Where I write is always shifting. Being in the process of finding a permanent home, I have had to learn the art of literary vagabondry. Sometimes it might be a kitchen table – not the whole one, mind; only the bit that isn’t drowned in papers, torn envelopes, and breakfast plates that haven’t yet been put in the dishwasher – others, one of the cafes I keep on rotation, with ample plug sockets and good coffee. Often I will arm myself only with my notebook and a few recently sharpened pencils, or a water and fade proof Uni Pin Fine Line in 0.3, if I’m feeling particularly reckless; sometimes I have to lug my laptop along with me, avail of the free wifi. But all this moving around, all this lifting and loading and unloading and untangling of wires has taken its toll on my laptop, which now sports the equivalent of a broken right shoulder that yawns open threateningly whenever I prise it open or closed. I had always theoretically agreed with Woolf’s iconic testimony, but now I truly understand how right she was. It is difficult to settle down into the deep, meditative space required to write when the roaring lunchtime rush is bubbling up around you, or there is only ever a quarter of the table available for you to spread your notes out over, or you know that in a few hours the café you’ve commandeered as your home of the moment will be closed. Being creative is about entering an unlimited state; if externally imposed, non-negotiable limits on your space or time are there from the beginning there is an extra impediment to jumping into the freefall of artistic flow. To be truly free, you must have the secure footing that one’s own ‘room’ provides.
And yet, I manage. The pull to write is too strong to be ignored. I’ve honed a new skill, learning to flow with the migratory hours grabbed here and there in between errands and obligations and the work to pay the bills. The trick is to find as many home comforts as possible in the moment – the most comfortable chair in the warmest, quietest spot in the café with the best coffee; an extra ten minutes to clear the kitchen table of its chaos and light a delicious candle on its now empty, possible surface. A favourite cup and saucer – vintage china with blue rivers and gold stars inherited from a fastidious grandmother, or a handmade Arran Street East second that I treated myself to in one of their sales. Fresh flowers, bought or foraged on the regular walks I take to rush clear thought back into my brain again. Music: essential. Wordless, gentle, warming; Spotify make excellent, no-thought-required playlists, like 4am Comedown, Low-key or Deep Focus. The Meditative Mind channel on YouTube has good offerings, too; a favourite is the Gregorian Chant at 432hz, which reminds me of the utter peace I once held stumbling across the 5 o’clock service in St. Paul’s one winter afternoon.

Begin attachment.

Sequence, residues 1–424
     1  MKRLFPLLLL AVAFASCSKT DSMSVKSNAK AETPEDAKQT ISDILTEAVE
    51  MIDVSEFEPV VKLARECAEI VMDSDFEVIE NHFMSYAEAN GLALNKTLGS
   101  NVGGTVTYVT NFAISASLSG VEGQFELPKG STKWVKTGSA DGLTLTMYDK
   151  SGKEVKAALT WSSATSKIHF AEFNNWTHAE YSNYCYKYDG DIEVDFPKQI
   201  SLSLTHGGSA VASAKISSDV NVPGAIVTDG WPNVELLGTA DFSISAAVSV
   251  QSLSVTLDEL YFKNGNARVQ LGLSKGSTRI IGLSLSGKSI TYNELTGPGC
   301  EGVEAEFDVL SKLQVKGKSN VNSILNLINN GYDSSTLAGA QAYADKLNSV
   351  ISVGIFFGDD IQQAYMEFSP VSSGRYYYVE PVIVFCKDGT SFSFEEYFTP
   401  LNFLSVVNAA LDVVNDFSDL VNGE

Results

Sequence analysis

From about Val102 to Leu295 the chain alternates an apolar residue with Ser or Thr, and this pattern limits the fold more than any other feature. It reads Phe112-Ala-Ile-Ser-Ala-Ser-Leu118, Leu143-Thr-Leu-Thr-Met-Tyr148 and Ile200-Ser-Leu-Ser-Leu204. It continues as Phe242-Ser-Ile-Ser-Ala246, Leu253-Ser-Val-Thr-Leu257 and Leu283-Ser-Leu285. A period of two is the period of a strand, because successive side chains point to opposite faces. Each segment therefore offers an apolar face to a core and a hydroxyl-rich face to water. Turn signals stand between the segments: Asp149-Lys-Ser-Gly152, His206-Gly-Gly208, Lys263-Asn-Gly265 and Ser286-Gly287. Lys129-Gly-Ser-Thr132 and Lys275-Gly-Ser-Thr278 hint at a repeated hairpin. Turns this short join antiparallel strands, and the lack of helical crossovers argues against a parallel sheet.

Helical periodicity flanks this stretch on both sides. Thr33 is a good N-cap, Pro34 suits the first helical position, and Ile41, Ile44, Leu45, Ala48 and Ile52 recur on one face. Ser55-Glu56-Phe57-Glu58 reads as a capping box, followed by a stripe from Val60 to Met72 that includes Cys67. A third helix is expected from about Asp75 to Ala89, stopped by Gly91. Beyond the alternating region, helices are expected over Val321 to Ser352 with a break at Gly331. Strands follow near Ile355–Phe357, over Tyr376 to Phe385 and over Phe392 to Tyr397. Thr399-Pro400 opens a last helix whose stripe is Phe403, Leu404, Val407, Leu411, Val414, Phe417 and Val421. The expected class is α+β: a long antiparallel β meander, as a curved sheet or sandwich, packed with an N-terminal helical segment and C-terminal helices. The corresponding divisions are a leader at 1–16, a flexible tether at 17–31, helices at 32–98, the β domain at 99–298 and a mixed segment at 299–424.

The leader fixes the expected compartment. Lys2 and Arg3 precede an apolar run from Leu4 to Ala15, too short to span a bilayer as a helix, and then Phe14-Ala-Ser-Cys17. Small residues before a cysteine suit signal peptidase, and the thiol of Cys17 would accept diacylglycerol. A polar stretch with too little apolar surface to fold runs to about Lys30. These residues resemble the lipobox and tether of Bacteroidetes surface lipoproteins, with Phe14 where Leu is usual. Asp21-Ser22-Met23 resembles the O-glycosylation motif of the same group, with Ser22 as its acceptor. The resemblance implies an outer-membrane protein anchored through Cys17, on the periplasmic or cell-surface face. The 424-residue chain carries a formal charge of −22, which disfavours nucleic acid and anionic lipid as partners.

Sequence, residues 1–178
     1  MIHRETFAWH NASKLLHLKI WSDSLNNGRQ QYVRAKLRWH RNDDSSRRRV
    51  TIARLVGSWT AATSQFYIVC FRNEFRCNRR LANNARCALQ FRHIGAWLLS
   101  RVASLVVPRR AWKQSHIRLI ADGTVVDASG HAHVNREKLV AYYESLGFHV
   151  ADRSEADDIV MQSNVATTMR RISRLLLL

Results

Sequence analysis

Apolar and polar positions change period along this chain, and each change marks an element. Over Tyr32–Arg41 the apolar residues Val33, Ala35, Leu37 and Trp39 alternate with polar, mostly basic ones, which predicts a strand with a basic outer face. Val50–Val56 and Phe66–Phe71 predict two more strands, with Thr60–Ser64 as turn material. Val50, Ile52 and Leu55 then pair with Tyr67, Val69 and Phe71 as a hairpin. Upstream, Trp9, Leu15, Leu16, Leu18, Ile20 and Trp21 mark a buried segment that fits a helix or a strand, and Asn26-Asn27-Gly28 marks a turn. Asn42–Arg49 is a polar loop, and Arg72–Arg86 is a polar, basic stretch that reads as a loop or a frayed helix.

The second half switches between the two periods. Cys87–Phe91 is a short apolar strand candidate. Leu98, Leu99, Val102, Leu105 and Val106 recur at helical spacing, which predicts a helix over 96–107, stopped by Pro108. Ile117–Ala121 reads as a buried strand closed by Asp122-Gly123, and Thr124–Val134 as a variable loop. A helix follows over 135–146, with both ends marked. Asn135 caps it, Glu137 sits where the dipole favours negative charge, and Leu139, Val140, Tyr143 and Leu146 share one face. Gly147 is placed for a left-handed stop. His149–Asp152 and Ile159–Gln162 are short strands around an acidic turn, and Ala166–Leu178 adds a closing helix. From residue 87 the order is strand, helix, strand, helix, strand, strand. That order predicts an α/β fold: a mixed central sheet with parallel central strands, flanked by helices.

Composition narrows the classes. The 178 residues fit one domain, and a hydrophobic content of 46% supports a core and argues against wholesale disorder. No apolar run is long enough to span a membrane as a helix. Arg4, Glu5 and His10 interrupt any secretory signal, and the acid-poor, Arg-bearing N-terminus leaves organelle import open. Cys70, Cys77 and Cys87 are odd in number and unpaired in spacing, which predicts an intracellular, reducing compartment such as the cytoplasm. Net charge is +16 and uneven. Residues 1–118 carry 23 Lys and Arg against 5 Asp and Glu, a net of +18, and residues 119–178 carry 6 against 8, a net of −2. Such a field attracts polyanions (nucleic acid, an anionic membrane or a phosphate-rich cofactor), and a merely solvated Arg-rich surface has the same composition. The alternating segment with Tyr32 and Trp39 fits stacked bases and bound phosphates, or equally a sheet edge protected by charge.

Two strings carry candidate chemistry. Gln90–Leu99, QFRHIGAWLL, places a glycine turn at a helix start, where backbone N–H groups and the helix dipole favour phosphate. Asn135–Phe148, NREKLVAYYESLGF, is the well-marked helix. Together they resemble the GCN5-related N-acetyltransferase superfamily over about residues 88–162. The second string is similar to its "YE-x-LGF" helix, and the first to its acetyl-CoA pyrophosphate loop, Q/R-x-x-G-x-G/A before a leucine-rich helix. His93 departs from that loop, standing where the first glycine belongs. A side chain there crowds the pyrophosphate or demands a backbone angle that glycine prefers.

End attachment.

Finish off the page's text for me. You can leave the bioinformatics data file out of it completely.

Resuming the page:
My writer’s space is all about cultivating peace wherever and however I can manage it. I have moved around all my life, rarely settling – apart from during my secondary school years – for longer than two or three years at a time, often less. This pattern of kitchen table to café was what sustained my writing in between auditions and acting jobs when I lived and worked the ‘cattle mart’ in London, and it remains similar now as I balance recording sessions in various studios around Dublin – in my other life I’m a voiceover artist – and my writing. That central space, the one that is certain, deeply rooted and unchanging, is not there, never has been, and so I have learned ways, in my restless, nomadic state, to re-create it. Which may be why when I light a candle I opt for the scent of fire – Peat by Field Apothecary, anything with feu or ‘turf’ in it – in the absence of my own, true one; a hearth in place of a hearth.
(c) R.M. Clarke
About The Glass Door:
Then the leaves whispered, the branches creaked. Something was up above, watching. Hello? She could feel eyes upon her. She knew she was not alone anymore: Who’s there? Then a voice came back to her: You found me. After all this time.
The Glass Door is a haunting investigation into the deep, complex and often frightening labyrinth of the human mind, where three generations of Irish women learn to tread the difficult path of reconciling individual identity with social approval. It is a novel about absence and brokenness and longing, and a small and fractured family trying to figure things, and each other, out.
Set in the 1970s and 80s between the east coast of Ireland and London, Rosie’s story unfolds as she and her unwed mother Sandra chase her reluctant father across the sea, where he slips through their grasp and disappears, leaving emptiness in Rosie’s hand where a work-roughened palm should be. Mother and daughter are forced by failure and poverty to return home to the bitter embrace of Rosie’s grandmother, Marie, whose love for her daughter and granddaughter is poisoned by her desire for social acceptance. But the strange child Rosie grows increasingly stranger, especially at night, when her unpredictable behaviour becomes both frightening and dangerous. Sandra, coming under growing pressure, both from Marie and the society she lives in, must find a new man to take Rosie’s father’s place. But once she does things only get worse for her and Rosie. After years spent enduring years an increasingly disturbed home life, everything comes to a deadly climax.
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